There is much to interest us and teach us in reading the Bible. But to keep it only on the level of mind and intellect would be tragic, stifling to our life’s walk with God. No doubt, this Bible Sunday there will be enough debate in churches and outside them about Scripture and which translations are best and what we can learn about being a Christian, living a ‘good life’ etc. Fine. But if it ends there, then it won’t bring anyone any closer to the living God. You have heard the Bible described as the ‘living word’ and for sure it has the power to give us life. So let’s make an intention from today, if it’s not already done, to read a little every day, not just with the brain and its questions but with our ‘poor souls’. Read a few sentences, not too much, 3 or 4 times, slowly, letting go the need to know, just asking God to open the eyes of our souls.


•October 20, 2018 • Leave a Comment

“Grant, we beseech you, merciful Lord, to your faithful people pardon and peace, that they may be cleansed from all their sins and serve you with a quiet mind” (from today’s collect)
“And they said to him, ‘Grant us to sit, one at your
right hand and one at your left, in your glory.’” (Mark 10.37)

THERE WAS much noise in the minds of James and John, whom Jesus nicknamed ‘Boanerges’ (Sons of Thunder). Jesus loved these fishermen for their passion and rawness but in our reading from Mark today they mirror some of the noises in all our minds – the conscious/unconscious programmes of competitive societies, the conscious/unconscious neediness for attention, security, notoriety, recognition, acceptance, wealth, power and so much more.
James and John have been with Jesus some time now and experienced the highs and lows of life on the road with the charismatic Christ, loved by outcasts, opposed by the rich and powerful. They have come to understand deep inside that the power of God is with them in this Christ, though their minds struggle hopelessly to make sense of how and why. But their guts and hearts sense without doubt that the religious and secular powers that rule their material lives are nothing in relation to the power this Jesus of Nazareth embodies and their minds can only equate that with his inevitable coming into recognized dominion as king of the world. James and John simply want to claim their reward and be sure of prime seats when the kingdom comes to pass, as it surely soon will. Jesus quietens the thundering minds of his students and gives them hochma, Wisdom, just like Yahweh speaking silence out of the whirlwind in Job’s mind in our OT reading this morning.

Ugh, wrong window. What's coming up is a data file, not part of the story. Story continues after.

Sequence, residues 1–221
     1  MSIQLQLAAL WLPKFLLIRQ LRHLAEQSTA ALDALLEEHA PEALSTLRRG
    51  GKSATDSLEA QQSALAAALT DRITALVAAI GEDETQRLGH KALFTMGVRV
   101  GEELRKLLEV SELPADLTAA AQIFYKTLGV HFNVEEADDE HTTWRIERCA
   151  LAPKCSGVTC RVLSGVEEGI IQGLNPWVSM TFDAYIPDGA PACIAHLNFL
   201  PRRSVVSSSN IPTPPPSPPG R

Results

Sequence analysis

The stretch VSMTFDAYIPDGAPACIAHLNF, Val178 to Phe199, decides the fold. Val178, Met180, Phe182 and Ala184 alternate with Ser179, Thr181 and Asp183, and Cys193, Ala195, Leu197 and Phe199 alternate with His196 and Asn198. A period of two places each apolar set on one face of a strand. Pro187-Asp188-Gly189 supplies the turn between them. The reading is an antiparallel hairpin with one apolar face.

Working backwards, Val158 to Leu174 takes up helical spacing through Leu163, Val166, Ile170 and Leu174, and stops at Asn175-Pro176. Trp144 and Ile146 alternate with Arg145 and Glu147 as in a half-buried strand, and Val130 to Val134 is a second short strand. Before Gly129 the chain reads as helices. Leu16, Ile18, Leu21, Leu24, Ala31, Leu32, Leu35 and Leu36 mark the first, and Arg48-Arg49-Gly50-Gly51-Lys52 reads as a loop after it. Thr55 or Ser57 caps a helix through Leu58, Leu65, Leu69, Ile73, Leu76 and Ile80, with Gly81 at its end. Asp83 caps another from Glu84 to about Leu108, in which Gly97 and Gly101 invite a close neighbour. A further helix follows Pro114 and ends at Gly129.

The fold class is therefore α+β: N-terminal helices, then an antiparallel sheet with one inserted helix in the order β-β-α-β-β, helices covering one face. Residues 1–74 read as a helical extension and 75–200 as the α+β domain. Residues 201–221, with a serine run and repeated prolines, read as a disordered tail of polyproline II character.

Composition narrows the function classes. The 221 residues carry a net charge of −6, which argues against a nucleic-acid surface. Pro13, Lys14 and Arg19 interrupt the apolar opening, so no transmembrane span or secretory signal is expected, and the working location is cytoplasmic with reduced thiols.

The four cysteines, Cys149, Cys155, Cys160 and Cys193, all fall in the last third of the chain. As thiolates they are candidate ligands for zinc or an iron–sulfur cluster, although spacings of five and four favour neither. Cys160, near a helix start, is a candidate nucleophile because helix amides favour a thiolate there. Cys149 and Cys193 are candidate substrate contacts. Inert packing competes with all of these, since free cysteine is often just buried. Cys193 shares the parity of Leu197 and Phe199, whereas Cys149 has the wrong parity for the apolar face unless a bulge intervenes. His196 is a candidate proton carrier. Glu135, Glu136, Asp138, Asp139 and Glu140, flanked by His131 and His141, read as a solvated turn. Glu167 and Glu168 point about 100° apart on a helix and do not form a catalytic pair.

In today’s collect we ask God to give us “quiet mind” and so be able to serve God. Our minds are assaulted now more than ever by incessant, demanding media even before the noises of our own egos kick in. But God is the same now as God was in First Century Galilee, 1st/2nd Century BC when Job was written or any other time in history. Beneath the thunder and the whirlwind, when we make the space and stop, breathe, be still, pray without words, there is a still small voice in each one of us. It is the voice of Christ, Jahweh, All That Is, and it says, “Do not be afraid. I love you. Despite all the programmes that distract you, I AM.”



•October 12, 2018 • Leave a Comment
looking for God

‘If I go forward, he is not there; or backward, I cannot perceive him; on the left he hides, and I cannot behold him; I turn to the right, but I cannot see him…” (Job)
“My God, my God, why have you forsaken me? Why are you so far from helping me from the words of my groaning?” (Ps 22)

THE LEAD character in the Book of Job and the voice of the Twenty Second Psalm are united in one thing, their sense of loneliness and abandonment by God in their hour of need. Of course, it is the opening phrase of Psalm 22 that the gospels of Matthew and Mark place on the lips of Jesus as he hangs on the cross, dying (“əlahí əlahí ləmáh šəvaqtáni?”).